So last night our parish (our neighbors who are members of the same church as us) had a caroling and Christmas party. Erin and Brent were able to bundle up in their long underwear, sweaters, scarves, caps, and mittens and join in on the fun. The snow we'd been missing for a week was returning in perfect Christmas-caroling form. Our neighborhood is made up of one hill after another and I heard later that the carolers made it up and down quite a few. There's one street that is on a hill that gets so steep that it dead-ends part way down. A couple of houses are tucked in the steep part close to the dead-end. Many of the neighbors don't even know they are there.
One of these homes is owned by an elderly couple. The wife is a quilter and the husband is a golfer (he's 85 and he golfed 85 rounds of golf this year.) They are also regular customers of my dh. Last night the carolers made it down to their dark, quiet side of the hill, rang the doorbell, and commenced singing some hearty Christmas carols. They sang two songs to this appreciative couple. After the singing, the couple said thanks and asked who they were. The singers hadn't rehearsed a unified answer and so the shouts jumbled into nothing. So my dh went up to the door and greeted them by name and told them his. They shouted his name back in exclamation and each gave him a big hug. The old gentleman had tears in his eyes as he thanked my husband and told him that in all the years that they had lived there, they had never had carolers stop. You can bet that won't happen again as long as our parish keeps caroling together.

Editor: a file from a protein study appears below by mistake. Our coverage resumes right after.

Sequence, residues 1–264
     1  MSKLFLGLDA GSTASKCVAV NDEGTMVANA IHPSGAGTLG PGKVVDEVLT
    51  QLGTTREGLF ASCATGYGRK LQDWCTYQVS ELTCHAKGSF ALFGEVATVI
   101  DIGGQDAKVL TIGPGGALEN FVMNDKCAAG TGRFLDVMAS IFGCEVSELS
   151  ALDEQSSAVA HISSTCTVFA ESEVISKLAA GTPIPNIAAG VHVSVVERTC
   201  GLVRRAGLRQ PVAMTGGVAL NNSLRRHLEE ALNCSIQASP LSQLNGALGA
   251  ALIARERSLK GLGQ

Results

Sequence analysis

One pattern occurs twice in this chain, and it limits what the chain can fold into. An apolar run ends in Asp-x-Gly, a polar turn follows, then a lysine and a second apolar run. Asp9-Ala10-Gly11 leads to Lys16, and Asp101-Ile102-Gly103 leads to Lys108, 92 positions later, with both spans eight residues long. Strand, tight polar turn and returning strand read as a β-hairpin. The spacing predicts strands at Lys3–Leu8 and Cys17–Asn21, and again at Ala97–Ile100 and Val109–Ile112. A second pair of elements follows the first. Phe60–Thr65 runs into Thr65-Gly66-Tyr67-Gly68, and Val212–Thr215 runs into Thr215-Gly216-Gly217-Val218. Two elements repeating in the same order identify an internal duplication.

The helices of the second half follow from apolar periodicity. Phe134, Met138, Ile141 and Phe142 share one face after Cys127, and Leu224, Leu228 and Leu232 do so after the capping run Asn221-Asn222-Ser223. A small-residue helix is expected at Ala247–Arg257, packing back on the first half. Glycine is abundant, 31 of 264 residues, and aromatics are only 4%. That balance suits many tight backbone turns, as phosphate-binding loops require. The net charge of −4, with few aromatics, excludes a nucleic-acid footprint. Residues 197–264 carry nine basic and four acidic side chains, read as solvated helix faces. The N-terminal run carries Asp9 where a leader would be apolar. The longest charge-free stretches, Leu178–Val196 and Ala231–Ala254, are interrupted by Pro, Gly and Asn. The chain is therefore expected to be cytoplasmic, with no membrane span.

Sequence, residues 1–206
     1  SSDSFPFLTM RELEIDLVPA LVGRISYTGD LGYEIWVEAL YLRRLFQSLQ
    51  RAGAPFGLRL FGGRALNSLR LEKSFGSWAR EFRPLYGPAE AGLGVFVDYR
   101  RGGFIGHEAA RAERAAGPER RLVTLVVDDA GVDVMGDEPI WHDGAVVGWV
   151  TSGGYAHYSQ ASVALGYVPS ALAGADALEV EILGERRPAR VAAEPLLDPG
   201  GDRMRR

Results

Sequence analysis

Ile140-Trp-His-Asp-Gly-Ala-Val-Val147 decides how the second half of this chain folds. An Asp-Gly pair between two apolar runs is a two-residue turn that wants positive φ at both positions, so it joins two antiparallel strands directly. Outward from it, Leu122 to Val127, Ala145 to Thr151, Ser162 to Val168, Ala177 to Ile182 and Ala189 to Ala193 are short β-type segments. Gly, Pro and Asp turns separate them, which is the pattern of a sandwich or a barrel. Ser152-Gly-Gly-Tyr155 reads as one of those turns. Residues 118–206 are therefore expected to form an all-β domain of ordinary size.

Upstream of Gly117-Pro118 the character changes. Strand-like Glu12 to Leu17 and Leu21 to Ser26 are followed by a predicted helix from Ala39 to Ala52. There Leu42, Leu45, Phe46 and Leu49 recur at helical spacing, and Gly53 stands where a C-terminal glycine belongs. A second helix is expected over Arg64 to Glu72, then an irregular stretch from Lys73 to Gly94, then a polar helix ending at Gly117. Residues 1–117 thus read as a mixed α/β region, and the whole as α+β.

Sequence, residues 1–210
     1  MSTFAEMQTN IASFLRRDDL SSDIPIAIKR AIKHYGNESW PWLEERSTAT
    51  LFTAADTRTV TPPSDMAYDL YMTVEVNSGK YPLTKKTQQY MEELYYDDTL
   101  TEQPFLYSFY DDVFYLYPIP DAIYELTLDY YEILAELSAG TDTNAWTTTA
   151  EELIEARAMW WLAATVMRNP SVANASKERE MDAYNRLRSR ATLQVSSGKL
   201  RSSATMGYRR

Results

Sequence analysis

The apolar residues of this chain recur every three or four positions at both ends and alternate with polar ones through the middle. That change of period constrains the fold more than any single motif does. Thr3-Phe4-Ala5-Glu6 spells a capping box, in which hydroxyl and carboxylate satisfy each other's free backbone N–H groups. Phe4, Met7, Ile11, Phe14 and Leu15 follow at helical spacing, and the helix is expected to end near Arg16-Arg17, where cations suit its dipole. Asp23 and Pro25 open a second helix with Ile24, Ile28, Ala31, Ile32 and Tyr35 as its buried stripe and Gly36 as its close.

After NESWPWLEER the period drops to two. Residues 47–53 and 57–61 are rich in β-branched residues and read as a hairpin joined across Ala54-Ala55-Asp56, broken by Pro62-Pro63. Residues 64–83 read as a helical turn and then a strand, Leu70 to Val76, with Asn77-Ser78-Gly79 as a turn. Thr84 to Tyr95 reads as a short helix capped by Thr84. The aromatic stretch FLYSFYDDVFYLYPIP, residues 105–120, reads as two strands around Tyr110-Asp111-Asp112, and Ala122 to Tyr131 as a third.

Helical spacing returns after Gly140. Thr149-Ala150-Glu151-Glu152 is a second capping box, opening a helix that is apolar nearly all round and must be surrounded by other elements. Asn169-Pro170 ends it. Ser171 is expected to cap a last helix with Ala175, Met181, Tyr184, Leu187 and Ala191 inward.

And of course, there are those who have their homes all decked out in bright shining Christmas finery. Their outdoor lights make a grand display and their decorated tree in the living room shimmers cheerfully through the front window for all to admire; but when carolers stop, ring the doorbell, and start singing, the resident is spotted peeking through the window in the door without opening it. Soon it looks as if he and others are trying to sneak to a less conspicuous spot in the house; suggesting to the choir that this place knows not what they are celebrating.
My son and I drove down to join in on the after-caroling fun of goodies and fellowship. We were delighted to find the carolers next door to the "party house" still singing away. We were able to run over and sing their last song with them, 'O Come all Ye Faithful, Joyful and Triumphant!'